Hello Virtual Events… We’re Looking Forward to Working With You.

Thank you and goodbye 2020.  You were beyond challenging and really knocked us about! But we learned to adjust and adapt. And now, we are equipped to ride your ‘virtual’ wake!

For now, gone is a majority of our face-to-face meetings, conferences, events and networking. We quickly pivoted and survived awkward Zoom calls, GoToMeetings gone wrong, and webinars that were better off being canceled.  Harsh but true. And we’ve learned and have perfected the pivot we had to make. The most evident growth, Virtual Events.

With the initial urgency of pivoting to virtual events behind us, the expectations for virtual events in 2021 are high, very high. So, what are the key elements you need to consider when designing and developing a virtual event? So glad you asked. Here’s a checklist we’ve put together to help you execute a successful virtual event.

  • The Plan: It is always important to have an event plan but with a virtual event, it’s crucial. The purpose, promotion and how you’ll measure success are only part of the plan. With a virtual event, there are additional challenges due to physical distance and the lack of a physical location.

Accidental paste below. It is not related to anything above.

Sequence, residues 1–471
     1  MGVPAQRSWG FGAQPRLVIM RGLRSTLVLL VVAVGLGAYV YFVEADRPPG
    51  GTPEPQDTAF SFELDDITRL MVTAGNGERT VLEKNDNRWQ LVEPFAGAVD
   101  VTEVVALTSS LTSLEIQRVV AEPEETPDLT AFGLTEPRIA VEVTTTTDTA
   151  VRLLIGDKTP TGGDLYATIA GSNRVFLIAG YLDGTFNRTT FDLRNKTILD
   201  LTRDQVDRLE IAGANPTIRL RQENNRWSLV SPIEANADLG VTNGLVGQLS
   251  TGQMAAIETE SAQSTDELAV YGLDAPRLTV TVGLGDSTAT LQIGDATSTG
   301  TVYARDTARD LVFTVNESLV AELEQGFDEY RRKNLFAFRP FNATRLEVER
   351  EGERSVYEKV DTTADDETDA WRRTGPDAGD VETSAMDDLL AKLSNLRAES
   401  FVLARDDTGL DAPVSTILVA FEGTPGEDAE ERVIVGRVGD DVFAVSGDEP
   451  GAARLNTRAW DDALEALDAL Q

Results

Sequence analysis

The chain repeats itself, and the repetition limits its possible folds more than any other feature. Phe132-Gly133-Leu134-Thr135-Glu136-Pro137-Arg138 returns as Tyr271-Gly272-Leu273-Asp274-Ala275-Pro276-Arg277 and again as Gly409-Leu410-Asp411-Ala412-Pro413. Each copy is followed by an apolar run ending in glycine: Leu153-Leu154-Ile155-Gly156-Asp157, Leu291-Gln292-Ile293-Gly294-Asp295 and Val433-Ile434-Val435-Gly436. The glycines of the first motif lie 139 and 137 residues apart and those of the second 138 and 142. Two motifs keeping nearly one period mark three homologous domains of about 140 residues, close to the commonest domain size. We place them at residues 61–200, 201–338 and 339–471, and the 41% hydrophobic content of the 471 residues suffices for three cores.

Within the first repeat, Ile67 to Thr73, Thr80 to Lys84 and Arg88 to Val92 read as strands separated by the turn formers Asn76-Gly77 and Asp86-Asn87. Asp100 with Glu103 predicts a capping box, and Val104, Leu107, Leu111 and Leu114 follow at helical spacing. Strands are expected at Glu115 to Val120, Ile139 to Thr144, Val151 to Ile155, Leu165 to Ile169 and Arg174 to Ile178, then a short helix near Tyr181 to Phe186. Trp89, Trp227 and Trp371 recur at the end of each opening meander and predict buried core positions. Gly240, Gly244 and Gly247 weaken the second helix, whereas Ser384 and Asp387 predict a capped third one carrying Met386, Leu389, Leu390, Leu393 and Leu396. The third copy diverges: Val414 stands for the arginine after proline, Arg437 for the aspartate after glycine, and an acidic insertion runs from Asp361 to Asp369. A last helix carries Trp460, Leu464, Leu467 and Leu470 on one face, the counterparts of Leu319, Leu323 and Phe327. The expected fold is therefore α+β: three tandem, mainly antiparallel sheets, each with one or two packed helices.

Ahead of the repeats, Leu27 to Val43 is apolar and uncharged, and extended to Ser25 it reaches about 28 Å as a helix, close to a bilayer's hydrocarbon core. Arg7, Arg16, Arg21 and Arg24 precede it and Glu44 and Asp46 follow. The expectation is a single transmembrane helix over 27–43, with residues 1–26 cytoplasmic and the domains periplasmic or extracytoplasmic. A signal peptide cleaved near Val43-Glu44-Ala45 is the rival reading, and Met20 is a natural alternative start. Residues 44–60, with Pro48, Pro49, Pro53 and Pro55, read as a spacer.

• Everything and everyone will be virtual. Speakers, attendees, event staff, sponsors, etc. are all participating from their own corner of the world. This also means they will be dealing with their physical surroundings while participating virtually.
    • Your event plan will need to have clear “what if” versions in order to address anything that could go wrong or needs to be adjusted to increase participation and engagement.
    • There will need to be sufficient staff on-hand with clearly defined roles to address every issue. Cutting corners is not going to cut it when it comes to a successful virtual event.


  • Create a Community: Once you’ve got your online virtual event platform secured and launched, utilize it as a pre-and post-event resource hub.
    • Upload and share materials that will get attendees excited and potential attendees to commit.
    • Use your speakers, presenters, and sponsors for pre-event discussions and surveys, as well as post-event follow-up and feedback.
    • Utilize the platform for attendee networking, post-seminar breakout sessions, post-event engagement, and the like.
    • Incorporate flexibility in the Community so those who are attending can have individualized/personal meetups in group settings that are sponsor branded or reserved for a fee.
    • Need to find a virtual event platform? Here are some recently reviewed: Virtual Event Platform Comparison: The Best of 2020